From education to employment

Supporting women in the workplace

Kathryn Jellings FIEP is director of business development at 3SC

To support women at work, employers should do more to promote excellence, address bias and reduce burnout, explains Kathryn Jellings of 3SC.

In comparison with others, the employability and skills sector has perhaps a better track-record of supporting women at work but we remain far from the holy grail.

Progress has been hampered by the Covid pandemic. For example, a McKinsey survey in 2021 found that 1 in 3 women considered leaving their job or downsizing their work while the gap between women and men suffering from burnout has doubled.

3SC, part of Twin Group, recently hosted a webinar where we joined by Twin Group CEO Caroline Fox and three leadership coaches, Edwina McQueen, Jen Smollett and Sarah Clein, to discuss what lies behind the challenges women face and what employers should do more to promote excellence, address bias and reduce burnout.

Rewarding excellence

Being regarded as ambitious can work against women in the workplace. For every 100 men who receive a promotion, only 89 women also benefit and the figure (82) is worse for females from a minority ethnic background. We call it the broken rung and then there is the glass cliff where women are promoted into positions where there is a higher risk of failure.

Organisations are missing out for four main reasons: women are creative and innovative; they can generate profit just as well as their male colleagues; they are better at gauging customer interests and demand; they attract and retain talent; and they enhance the company brand.

So employers should fix the broken rung by firstly identifying where the gender gap in promotions lies and that normally means getting more women into leadership positions. Employers also need to better understand the business case for equality, diversity and inclusivity (EDI). Adopting family and carer friendly policies and approaches can make a difference, e.g. recognising that events and networking opportunities can often be difficult for those with caring responsibilities, particularly events outside of working hours.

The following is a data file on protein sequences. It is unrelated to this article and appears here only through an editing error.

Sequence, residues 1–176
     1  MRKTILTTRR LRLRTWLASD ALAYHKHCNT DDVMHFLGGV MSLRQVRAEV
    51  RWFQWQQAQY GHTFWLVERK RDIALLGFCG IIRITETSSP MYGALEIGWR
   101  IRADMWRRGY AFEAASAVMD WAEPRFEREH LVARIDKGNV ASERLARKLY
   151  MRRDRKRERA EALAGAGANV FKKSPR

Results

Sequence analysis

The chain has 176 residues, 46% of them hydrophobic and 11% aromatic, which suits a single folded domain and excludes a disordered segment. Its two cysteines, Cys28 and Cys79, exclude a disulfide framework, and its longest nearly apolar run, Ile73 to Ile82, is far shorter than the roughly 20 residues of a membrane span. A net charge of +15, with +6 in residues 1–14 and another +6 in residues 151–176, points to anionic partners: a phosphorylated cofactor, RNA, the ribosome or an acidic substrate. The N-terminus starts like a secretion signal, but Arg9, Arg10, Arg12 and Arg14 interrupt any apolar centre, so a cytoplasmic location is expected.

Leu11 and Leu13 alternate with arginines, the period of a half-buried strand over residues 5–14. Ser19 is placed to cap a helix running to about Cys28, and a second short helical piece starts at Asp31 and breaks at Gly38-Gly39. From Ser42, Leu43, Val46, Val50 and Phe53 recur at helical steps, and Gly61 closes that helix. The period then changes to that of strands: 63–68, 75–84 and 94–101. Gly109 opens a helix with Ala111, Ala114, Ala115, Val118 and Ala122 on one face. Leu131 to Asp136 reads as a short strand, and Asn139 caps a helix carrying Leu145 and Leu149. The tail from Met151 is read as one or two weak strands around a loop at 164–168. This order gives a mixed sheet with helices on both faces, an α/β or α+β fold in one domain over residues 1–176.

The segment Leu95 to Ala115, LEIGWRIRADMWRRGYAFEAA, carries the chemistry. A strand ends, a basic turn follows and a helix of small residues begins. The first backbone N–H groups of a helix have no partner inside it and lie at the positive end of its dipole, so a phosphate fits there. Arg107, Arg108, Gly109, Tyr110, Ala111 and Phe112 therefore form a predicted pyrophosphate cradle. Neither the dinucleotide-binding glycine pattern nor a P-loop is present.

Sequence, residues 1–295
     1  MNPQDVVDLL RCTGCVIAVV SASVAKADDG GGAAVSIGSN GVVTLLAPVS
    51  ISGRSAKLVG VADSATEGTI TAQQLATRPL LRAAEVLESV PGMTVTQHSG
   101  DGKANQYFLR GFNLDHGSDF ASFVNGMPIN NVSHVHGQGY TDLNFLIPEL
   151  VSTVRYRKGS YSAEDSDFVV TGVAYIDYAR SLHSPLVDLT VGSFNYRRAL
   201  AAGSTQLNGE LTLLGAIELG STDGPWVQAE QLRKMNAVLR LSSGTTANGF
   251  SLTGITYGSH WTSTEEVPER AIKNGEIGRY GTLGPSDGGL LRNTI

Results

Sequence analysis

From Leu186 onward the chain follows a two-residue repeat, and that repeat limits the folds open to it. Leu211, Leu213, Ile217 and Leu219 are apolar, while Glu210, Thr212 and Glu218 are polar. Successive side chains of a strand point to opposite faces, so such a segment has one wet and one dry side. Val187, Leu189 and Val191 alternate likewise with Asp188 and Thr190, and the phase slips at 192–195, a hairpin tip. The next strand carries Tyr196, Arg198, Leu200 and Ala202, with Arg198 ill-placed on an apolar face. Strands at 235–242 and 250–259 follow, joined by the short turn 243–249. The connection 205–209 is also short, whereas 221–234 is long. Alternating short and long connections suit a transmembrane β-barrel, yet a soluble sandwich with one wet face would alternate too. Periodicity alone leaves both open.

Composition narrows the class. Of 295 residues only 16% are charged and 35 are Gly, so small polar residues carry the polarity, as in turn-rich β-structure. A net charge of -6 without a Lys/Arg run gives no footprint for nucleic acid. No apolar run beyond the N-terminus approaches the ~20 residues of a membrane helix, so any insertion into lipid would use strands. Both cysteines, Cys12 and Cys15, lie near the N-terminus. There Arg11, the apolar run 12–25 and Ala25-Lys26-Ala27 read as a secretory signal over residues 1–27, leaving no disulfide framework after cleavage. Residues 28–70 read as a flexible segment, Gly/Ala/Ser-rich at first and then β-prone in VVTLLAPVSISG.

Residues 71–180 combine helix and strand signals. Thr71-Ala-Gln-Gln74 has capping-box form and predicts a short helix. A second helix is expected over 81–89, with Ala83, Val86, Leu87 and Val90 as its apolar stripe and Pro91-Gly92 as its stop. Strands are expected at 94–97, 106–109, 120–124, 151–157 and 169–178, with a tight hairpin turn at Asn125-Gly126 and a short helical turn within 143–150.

The evidence shows that women can provide support for their contemporaries through appropriate networking and sharing with each other, in person or online using professional platforms such as LinkedIn. Having a mentoring system can make a big difference and the mentors can be anyone, including men. At the same time, women-only leadership and development programmes are well received. Finally apprenticeships are great for female progression, especially in sectors where there has been a traditional gender bias against it.

Tackling inherent biases

There are deeply ingrained biases which need to be tackled. Some female leaders feel that they have to be more careful about not appearing to be too demanding or assertive. Equally women are often expected to be personable but not too personable. We are told that displaying competence needs to be accompanied by warmth. However our propensity for kindness apparently does not make us well suited to managing budgets. There are many such myths!

When it comes to promotion, often male candidates are evaluated on their future potential whereas women tend to be judged on past performance. Then of course the motherhood bias still persists. On our webinar, we heard about interview feedback to one female candidate being “you won’t want to travel”. The fact is that women don’t necessarily fit into these biases and employers should see them as individuals. Organisations should work to lessen the impact of biases and to support their female colleagues well.

Reducing burnout

The webinar included discussion on burnout and perimenopause, which can start for women in their mid-30s, and the impact of Covid still being felt. A survey by Westfield Health in 2022 found that 46% of workers considered themselves to be close to burnout. Midlife women in particular are often dealing with teenage children and caring for older parents at the same time as holding down a job. Long NHS waiting lists and lack of social care adds to the burden and this leads to women leaving employment, reducing the number of role models for other female colleagues to follow. Many feel ‘moral injury’, i.e. they are unable to deliver their best even though they are trained, and a good example of this is paramedics sitting with patients in queuing ambulances outside A&E.

We also talked about solutions. Some strategies for reducing the chances of burnout include women prioritising self-care, such as leaving time for a break in the working day and taking a walk. Everyone should ensure they have their own boundaries, the obvious being limiting excessive work hours and access to email out of hours and on holiday. Developing a support network is recommended when feeling pressure and if there are early signs of burnout, it is advisable to seek professional help.

Employers have got better in making resources and training available on the menopause, both face-to-face and online. As well as having a menopause policy, organisations should give serious consideration to managers attending the training to increase their understanding.

Next steps for supporting female colleagues better

Bringing together the issues of promotions, gender biases and burnout, employers should implement the following steps to better support female colleagues:

  • Address workplace issues instead of shying away from challenging ones
  • Encourage colleagues to have a work-life balance
  • Provide well-being support
  • Foster a supportive workplace culture and
  • Allow women to advocate for company policy changes on issues such as pay, culture and affordable childcare.

These suggestions support everyone in the workplace, are low cost and easy to do!

By Kathryn Jellings, Director of 3SC/Twin Group

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